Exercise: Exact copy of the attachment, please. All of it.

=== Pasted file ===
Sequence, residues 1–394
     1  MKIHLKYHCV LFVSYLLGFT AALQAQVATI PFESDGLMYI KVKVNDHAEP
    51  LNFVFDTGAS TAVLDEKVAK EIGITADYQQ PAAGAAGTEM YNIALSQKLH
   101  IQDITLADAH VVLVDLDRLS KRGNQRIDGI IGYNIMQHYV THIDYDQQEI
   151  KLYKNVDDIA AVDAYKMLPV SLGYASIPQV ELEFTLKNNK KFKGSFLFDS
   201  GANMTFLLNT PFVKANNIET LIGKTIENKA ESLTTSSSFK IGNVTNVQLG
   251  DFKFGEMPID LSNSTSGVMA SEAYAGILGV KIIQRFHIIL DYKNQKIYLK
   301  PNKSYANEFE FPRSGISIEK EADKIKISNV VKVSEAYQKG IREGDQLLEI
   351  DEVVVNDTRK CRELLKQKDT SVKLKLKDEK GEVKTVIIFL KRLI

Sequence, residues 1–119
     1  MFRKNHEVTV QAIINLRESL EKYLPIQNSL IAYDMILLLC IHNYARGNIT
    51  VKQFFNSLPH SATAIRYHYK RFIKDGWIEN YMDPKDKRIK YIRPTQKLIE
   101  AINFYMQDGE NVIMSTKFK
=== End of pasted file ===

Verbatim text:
Sequence, residues 1–394
     1  MKIHLKYHCV LFVSYLLGFT AALQAQVATI PFESDGLMYI KVKVNDHAEP
    51  LNFVFDTGAS TAVLDEKVAK EIGITADYQQ PAAGAAGTEM YNIALSQKLH
   101  IQDITLADAH VVLVDLDRLS KRGNQRIDGI IGYNIMQHYV THIDYDQQEI
   151  KLYKNVDDIA AVDAYKMLPV SLGYASIPQV ELEFTLKNNK KFKGSFLFDS
   201  GANMTFLLNT PFVKANNIET LIGKTIENKA ESLTTSSSFK IGNVTNVQLG
   251  DFKFGEMPID LSNSTSGVMA SEAYAGILGV KIIQRFHIIL DYKNQKIYLK
   301  PNKSYANEFE FPRSGISIEK EADKIKISNV VKVSEAYQKG IREGDQLLEI
   351  DEVVVNDTRK CRELLKQKDT SVKLKLKDEK GEVKTVIIFL KRLI

Sequence, residues 1–119
     1  MFRKNHEVTV QAIINLRESL EKYLPIQNSL IAYDMILLLC IHNYARGNIT
    51  VKQFFNSLPH SATAIRYHYK RFIKDGWIEN YMDPKDKRIK YIRPTQKLIE
   101  AINFYMQDGE NVIMSTKFK